Monday, 29 April 2013
Monday, 22 April 2013
|Robert Motherwell |
Image © The Dedalus Foundation, Inc.
During his time as an undergraduate at the University of Illinois, Wallace had an experience that would shape the way he thought about his career and life as an artist forever.
The artist, Robert Motherwell came to visit the university to give a series of lectures that coincided with his exhibition at the Krannert Art Museum. As an undergraduate in the painting department, Wallace was assigned by the school to chaperon Motherwell during his trip, driving him to appointments and lectures, and accompanying him on studio visits where he looked at the students work, including Wallace’s own.
People were all over him, clamoring to talk to him, asking him question after question about how to have a career as an artist, how to be successful. On the third day, he said to me, “Do you know Jonathan, you’ve never asked me anything. I’ve seen your work. Don’t you have any questions for me?”
I told him that I’d been listening, that I was taking it all in. Eventually, I said to him, “I know I’m still learning, but the truth is I don’t feel the work I’m doing right now is expressing my true self. I want to know how to do that.”
He looked at me. “But don’t you care about your career?”
I told him earnestly that I just wanted to figure out how to tell what I want to tell and say what I want to say.
Very quietly, Robert Motherwell turned and looked at me. Eventually he said, “Jonathan, don’t be successful. Don’t be like Jasper Johns and get discovered in your early twenties, because your life will be over.” He said, “Be like me—live your life, toil in obscurity until your seventies. Let it come to you. And if it doesn’t come to you, don’t care about it. Because your journey will be fuller and richer. I’ve had my whole life to be able to find out who I am and figure that out in my work and now it’s being given to the world. Hopefully that will happen to you.”
I don’t ever not think about that moment.
Tuesday, 16 April 2013
At the studio opening earlier this month, a guest remarked on the dramatic differences in scale at which Wallace paints, and asked to know more about this aspect of the artist’s work.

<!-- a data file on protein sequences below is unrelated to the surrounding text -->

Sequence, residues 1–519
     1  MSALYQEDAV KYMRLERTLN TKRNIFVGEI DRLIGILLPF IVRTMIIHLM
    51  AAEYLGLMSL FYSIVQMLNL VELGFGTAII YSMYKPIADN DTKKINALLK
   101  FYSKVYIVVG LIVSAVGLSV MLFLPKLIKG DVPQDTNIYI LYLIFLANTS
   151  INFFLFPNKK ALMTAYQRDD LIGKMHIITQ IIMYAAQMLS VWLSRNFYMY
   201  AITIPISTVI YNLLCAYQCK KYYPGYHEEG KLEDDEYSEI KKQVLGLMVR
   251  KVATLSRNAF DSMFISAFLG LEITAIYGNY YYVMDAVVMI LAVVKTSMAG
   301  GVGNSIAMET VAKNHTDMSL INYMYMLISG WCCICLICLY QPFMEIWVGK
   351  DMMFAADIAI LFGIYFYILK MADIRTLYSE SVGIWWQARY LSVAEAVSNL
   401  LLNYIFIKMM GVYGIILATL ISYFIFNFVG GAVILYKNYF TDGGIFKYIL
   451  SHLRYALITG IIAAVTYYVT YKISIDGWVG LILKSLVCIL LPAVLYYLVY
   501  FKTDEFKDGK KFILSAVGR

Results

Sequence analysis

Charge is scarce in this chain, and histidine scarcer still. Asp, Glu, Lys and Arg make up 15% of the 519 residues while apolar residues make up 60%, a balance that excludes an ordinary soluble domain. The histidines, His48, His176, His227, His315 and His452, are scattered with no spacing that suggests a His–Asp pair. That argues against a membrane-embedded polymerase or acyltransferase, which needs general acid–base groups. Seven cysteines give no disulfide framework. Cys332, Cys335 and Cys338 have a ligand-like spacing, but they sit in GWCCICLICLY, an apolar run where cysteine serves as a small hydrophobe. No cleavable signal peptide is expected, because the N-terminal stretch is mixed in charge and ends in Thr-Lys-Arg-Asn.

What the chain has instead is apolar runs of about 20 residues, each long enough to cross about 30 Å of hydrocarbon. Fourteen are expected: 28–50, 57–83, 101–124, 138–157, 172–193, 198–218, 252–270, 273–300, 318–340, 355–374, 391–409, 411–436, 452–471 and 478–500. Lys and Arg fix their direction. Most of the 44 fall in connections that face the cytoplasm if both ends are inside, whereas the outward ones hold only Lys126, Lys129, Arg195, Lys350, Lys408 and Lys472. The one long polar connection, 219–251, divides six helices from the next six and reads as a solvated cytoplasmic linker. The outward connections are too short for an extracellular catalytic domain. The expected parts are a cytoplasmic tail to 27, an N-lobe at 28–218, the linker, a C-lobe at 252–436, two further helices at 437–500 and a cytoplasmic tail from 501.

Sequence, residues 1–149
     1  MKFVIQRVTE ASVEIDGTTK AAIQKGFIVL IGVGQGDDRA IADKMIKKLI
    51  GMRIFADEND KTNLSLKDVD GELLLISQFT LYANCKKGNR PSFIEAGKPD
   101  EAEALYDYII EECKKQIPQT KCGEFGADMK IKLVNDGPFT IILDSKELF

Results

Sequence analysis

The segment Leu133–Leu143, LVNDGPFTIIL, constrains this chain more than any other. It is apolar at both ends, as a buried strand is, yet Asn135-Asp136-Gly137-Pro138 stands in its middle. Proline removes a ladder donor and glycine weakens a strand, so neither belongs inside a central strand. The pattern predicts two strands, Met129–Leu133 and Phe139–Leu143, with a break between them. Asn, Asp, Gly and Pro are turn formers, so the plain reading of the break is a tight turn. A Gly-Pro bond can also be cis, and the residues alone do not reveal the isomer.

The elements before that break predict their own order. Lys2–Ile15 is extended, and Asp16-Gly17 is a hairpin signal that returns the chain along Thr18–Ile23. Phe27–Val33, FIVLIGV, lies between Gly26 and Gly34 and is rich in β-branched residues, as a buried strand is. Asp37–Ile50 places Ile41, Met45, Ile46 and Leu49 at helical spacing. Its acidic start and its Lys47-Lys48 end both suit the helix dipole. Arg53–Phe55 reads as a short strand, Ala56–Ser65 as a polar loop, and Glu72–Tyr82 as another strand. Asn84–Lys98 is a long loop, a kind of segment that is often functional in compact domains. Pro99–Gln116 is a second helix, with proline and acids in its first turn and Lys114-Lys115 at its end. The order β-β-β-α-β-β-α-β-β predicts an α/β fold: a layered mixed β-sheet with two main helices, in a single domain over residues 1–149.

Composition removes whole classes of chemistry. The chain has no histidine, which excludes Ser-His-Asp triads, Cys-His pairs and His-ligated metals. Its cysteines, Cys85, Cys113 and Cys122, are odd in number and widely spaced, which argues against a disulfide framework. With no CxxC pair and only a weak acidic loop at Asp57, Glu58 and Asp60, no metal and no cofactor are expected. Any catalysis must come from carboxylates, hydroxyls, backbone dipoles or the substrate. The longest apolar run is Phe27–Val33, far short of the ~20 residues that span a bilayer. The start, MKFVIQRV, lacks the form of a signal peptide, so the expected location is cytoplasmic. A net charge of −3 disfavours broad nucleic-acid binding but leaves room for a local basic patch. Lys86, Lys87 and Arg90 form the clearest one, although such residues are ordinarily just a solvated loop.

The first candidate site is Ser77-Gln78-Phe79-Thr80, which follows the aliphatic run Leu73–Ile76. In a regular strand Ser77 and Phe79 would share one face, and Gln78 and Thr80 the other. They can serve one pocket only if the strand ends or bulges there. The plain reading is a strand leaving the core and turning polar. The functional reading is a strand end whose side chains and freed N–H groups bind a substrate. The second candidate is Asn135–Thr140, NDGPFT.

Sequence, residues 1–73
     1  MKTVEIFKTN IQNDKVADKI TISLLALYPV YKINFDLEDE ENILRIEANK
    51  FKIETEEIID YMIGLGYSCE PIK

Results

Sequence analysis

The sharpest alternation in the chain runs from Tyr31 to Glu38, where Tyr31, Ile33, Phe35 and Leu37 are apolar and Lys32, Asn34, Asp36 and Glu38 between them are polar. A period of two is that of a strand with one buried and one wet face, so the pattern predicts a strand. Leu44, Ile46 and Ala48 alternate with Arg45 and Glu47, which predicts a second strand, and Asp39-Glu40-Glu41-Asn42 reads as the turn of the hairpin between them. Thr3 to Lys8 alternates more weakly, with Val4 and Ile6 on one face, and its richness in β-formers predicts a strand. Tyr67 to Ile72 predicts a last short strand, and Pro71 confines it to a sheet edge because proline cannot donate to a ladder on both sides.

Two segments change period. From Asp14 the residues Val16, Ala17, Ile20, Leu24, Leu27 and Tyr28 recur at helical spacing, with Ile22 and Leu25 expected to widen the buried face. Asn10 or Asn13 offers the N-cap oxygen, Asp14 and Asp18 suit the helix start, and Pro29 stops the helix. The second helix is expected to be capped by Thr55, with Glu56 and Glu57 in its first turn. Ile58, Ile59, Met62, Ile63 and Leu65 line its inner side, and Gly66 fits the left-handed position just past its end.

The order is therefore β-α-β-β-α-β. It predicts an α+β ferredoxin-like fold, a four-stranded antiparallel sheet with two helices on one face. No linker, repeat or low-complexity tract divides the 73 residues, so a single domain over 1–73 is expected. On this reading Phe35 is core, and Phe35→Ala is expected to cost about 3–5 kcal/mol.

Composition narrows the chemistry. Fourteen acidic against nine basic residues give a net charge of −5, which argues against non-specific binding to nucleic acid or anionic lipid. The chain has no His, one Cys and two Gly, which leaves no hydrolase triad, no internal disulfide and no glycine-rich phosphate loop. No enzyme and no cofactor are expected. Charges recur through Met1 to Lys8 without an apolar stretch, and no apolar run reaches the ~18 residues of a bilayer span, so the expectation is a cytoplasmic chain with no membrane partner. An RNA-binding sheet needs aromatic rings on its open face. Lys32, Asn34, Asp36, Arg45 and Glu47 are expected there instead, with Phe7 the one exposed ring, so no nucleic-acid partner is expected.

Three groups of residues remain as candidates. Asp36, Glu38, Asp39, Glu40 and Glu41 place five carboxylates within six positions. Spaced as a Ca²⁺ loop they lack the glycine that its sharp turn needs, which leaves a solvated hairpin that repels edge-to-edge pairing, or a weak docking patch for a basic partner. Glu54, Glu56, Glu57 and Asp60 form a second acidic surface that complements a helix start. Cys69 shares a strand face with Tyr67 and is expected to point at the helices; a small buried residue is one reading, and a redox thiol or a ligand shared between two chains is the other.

“It’s interesting because traditionally, in terms of modern classical work at least, small paintings are studies for large works. For me, the two are different enough as to be incomparable—in terms of both the experience of painting them and the experience of viewing them. Throughout my career I have wanted my smaller works not to be studies for larger pieces, but to stand on their own.”
As we explored in a previous blog, Wallace works on several paintings at one time—beginning one canvas, then moving onto another as he allows the first to dry, starting another piece and returning to the first to glaze. Generally he works on at least one small canvas as he completes a group of larger works. “Though I do it all the time,” he says, “it is hard for me to go back and forth between large and small pieces because the two processes are so very dissimilar. You have to think in another way altogether. Every aspect—down to the materials you use, the brushes you work with, your gestures—is different. Your mind has to focus in an entirely different way. Hopefully though, you are still creating an image that is in one way very large. The idea is big, though it’s contained by a small space.”
Wallace’s smaller pieces usually take around two weeks to complete. “With those works I begin and quickly get completely lost in the act of painting; in the making of the marks, and in the color, in how it moves, how the eye traverses the canvas.”
“When I’m working on a large painting, I’m way back, I’m forwards, I’m moving, I’m up and down ladders. I have very large gestures and very small gestures. It’s a different kind of dance. When I work on a small section of a larger piece, I get up close and become lost in the marks: I don’t know the whole painting any longer, only the small surface I’m working on. Until I stand back. It still sometimes surprises me that I can be so focused on one small area, and when I step back, I see the overall vision that I hoped to express.”
Saturday, 6 April 2013
Please join us this evening, Saturday, April 6 from 5-10 p.m. for a showing of Wallace's latest work at his Chicago studio, across from historic Humboldt Park.
Click for details.